Recently security vendor McAfee released a piece of research which revealed that cybercrime costs the global economy £266 billion each year. While this is a very big number for the annual economic impact of cybercrime, is there a possibility we will look back two years from now and realise that this was just the tip of the cybercrime iceberg?

The Centre for Strategic and International Studies (CSIS), commissioned by McAfee, analysed the known breaches discovered through 2013 and used assumptions, clearly outlined in the report, to estimate the total cost to the global economy.  Many security commentators have questioned the assumptions CSIS made and pointed to the range of estimations (£266bn to £324bn) as a sign that its report did not say anything definitive.  However I applaud McAfee for trying to quantify the known breaches and extrapolate the unreported and the unknown.

In some ways, arguing about the methodology for calculating cybercrime’s value is like the debate on global warming; the science does not need to be exact because everyone is already feeling the heat and seeing the affects around them.  To get more data points that would make future reports more statistically robust, the research industry should become more reliant upon companies reporting all known breaches and investing in new security solutions to minimise breaches.  Strangely the EU may provide help on both accounts.

EU Mandatory Data Breach Disclosure Will Encourage Full Visibility

It is widely accepted that many companies are choosing not to report known data breaches to their regulators or customers.  I have experienced this first hand.  Over the last three years, Proofpoint has seen a dramatic increase in the volume of advanced cyber attacks, most of which start with targeted spear-phishing and long-lining emails that are so sophisticated that they fool security software and humans alike into thinking the emails are genuine and that the malicious websites they link to are harmless.  As such our team in Europe is increasingly called into meetings with companies that ask direct questions about how we block spear-phishing and long-lining and detect polymorphic malware. Some exchange looks and hastily move on to another topic when we ask, “Have these attacks affected you already?”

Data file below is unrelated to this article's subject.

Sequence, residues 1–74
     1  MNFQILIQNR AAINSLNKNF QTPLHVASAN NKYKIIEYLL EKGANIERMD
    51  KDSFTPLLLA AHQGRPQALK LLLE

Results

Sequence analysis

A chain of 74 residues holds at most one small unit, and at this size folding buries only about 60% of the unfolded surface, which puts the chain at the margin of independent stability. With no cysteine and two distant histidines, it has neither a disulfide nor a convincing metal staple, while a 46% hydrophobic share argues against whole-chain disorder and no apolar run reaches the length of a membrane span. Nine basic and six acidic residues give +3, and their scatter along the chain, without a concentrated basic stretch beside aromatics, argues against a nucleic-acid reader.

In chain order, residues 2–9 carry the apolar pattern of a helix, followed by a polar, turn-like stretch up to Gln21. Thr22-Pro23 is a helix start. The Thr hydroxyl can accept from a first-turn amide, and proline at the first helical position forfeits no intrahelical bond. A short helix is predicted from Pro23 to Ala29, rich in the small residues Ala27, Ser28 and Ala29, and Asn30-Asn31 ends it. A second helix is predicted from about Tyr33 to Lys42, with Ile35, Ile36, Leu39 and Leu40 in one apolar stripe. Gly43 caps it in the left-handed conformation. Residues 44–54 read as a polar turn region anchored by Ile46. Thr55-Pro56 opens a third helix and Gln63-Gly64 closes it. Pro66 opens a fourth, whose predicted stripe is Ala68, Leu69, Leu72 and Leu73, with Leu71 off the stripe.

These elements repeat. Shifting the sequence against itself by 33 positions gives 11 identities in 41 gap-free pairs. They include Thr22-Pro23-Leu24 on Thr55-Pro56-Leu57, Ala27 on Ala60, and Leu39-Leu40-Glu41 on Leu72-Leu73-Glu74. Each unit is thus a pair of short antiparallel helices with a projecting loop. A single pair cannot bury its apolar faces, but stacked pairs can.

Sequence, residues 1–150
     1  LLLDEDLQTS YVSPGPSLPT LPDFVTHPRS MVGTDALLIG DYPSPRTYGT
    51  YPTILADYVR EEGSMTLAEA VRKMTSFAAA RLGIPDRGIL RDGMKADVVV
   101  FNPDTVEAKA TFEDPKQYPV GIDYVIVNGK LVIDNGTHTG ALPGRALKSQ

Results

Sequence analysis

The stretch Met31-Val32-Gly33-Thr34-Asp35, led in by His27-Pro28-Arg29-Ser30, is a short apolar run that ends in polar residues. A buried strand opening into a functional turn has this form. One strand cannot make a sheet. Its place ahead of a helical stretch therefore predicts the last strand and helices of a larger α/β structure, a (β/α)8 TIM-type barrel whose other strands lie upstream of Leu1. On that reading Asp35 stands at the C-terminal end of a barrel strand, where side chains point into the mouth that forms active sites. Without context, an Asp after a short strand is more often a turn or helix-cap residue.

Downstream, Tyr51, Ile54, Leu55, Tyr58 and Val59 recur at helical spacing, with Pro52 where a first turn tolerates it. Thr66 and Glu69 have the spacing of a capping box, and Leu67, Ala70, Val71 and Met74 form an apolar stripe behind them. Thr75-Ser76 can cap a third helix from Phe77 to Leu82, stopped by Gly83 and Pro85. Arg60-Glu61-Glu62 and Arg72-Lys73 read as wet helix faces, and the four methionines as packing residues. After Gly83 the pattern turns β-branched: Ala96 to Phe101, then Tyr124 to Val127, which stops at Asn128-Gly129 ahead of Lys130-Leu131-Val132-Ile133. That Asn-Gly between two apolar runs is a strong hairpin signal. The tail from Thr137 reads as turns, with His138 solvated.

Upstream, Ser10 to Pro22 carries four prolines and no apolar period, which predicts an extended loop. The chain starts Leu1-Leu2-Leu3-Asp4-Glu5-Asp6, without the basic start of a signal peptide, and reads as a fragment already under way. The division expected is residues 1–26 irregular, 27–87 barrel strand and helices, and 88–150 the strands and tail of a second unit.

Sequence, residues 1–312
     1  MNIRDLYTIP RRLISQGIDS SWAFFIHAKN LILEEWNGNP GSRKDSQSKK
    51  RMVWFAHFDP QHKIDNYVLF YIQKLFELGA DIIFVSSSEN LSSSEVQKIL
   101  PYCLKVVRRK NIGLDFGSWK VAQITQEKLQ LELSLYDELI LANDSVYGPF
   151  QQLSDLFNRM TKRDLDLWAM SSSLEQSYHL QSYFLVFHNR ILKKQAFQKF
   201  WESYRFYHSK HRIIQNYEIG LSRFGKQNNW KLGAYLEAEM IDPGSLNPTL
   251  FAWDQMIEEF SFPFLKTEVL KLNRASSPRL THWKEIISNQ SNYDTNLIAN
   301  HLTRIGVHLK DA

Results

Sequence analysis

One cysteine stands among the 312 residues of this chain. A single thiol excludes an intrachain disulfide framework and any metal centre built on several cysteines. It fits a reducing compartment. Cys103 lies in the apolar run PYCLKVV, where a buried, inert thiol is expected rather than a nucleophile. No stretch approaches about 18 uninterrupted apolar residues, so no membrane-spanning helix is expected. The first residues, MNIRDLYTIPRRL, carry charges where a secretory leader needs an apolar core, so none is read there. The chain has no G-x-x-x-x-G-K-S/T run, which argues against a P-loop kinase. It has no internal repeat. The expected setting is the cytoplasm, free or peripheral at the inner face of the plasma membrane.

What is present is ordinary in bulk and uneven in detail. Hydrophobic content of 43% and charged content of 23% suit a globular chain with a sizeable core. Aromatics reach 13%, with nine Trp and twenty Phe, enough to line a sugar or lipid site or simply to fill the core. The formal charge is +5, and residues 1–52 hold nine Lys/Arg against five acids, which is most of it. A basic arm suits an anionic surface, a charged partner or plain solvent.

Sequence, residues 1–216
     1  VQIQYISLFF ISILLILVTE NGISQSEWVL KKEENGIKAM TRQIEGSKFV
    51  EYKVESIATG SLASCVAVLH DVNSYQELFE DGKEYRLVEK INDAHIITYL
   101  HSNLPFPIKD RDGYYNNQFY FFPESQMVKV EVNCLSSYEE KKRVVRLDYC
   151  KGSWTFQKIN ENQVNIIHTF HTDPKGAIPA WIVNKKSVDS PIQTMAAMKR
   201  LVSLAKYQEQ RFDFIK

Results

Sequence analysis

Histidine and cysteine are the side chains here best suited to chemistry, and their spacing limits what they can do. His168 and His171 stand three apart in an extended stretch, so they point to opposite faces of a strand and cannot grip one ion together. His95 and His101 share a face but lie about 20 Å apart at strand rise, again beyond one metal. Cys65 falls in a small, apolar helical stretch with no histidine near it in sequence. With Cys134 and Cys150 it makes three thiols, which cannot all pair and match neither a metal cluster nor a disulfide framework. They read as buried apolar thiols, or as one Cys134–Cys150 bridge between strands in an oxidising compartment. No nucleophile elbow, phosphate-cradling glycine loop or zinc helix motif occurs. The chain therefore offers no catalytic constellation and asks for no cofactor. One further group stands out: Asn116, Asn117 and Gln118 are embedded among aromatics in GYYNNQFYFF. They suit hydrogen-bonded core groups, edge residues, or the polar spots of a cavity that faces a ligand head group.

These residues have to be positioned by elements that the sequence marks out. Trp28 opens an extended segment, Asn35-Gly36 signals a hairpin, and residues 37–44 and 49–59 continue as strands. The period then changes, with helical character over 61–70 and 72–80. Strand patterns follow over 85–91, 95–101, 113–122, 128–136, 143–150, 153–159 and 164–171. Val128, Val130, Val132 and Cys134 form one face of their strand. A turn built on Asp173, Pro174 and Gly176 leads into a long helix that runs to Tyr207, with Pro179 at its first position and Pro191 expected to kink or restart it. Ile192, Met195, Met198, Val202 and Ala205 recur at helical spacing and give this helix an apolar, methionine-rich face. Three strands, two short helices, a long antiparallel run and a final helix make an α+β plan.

Under current EU law, any organisation that does not disclose a breach will be penalized with a fine of £500,000 in the UK and similar fines elsewhere in Europe.  As a result, many organisations that have been breached are covering up and taking their chances.  Looking ahead to 2017/2018 when the EU data protection reforms are in full effect, the fines will be much heftier – €100m or 5% of global turnover, whichever is greater.  Suddenly taking a chance on a cover-up is no longer worth the risk of a fine, for it could very well mean the end for that company.

Increased EU Fines For Breaches Will Incentivise Companies To Add New Layers Of Defence

The EU’s objective with the increased maximum fines is to focus business leaders’ minds on improving security and privacy. In Proofpoint’s experience, it is working towards the imminent changes ahead. More and more of our teams are being asked to present the findings of our targeted attack audits directly to a customer’s board of directors as they take a proactive interest in cyber-risk, the likes of which we have not seen before.  So with increased board awareness comes increased security budgets and the opportunity to investigate new technologies that provide predictive defence and retrospective detection using big data analysis, as tied into automated response and remediation capabilities.

Close your ears, members of UKIP, as I have to say that the EU has done a great job in this area.

By Mark Sparshott, EMEA Director, Proofpoint

mark_sparshottBio: During his 17 year career in information security, Mark has worked for a number of leading companies including IBM, NetIQ, Imperva, Postini, Google and Proofpoint. Mark continues to work directly with companies, security service providers, industry bodies and the press to help organisations understand targeted attack techniques and how to mitigate their risk.

 

 

 

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